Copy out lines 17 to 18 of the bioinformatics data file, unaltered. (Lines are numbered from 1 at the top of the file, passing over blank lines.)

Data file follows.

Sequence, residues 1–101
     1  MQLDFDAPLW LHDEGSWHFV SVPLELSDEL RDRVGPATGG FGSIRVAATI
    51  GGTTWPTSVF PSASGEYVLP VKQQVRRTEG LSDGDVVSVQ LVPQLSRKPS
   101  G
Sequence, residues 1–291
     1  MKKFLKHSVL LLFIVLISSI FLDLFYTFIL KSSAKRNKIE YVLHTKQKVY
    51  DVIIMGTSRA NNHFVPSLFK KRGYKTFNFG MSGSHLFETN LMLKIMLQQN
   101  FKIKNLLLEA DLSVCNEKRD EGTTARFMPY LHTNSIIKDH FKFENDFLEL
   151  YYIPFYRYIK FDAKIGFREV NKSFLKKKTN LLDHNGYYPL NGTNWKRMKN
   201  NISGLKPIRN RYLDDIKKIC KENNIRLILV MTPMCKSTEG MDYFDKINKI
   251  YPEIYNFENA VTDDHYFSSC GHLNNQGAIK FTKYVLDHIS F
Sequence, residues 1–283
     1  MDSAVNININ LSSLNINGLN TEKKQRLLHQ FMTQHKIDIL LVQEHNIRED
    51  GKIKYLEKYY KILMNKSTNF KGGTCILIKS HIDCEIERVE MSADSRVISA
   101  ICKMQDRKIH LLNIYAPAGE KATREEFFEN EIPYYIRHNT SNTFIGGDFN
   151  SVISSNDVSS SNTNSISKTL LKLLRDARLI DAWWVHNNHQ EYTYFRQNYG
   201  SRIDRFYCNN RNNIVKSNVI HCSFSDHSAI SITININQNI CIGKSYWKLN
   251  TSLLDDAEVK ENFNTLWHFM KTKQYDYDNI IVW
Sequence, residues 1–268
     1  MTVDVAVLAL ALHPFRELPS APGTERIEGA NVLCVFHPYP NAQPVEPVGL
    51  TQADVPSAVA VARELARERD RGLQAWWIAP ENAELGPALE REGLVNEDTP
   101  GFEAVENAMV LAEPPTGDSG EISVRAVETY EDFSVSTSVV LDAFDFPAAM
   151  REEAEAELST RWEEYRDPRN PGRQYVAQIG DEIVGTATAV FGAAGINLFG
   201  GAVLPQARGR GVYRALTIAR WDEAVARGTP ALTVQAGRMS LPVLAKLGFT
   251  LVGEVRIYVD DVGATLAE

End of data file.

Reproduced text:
   201  SRIDRFYCNN RNNIVKSNVI HCSFSDHSAI SITININQNI CIGKSYWKLN
   251  TSLLDDAEVK ENFNTLWHFM KTKQYDYDNI IVW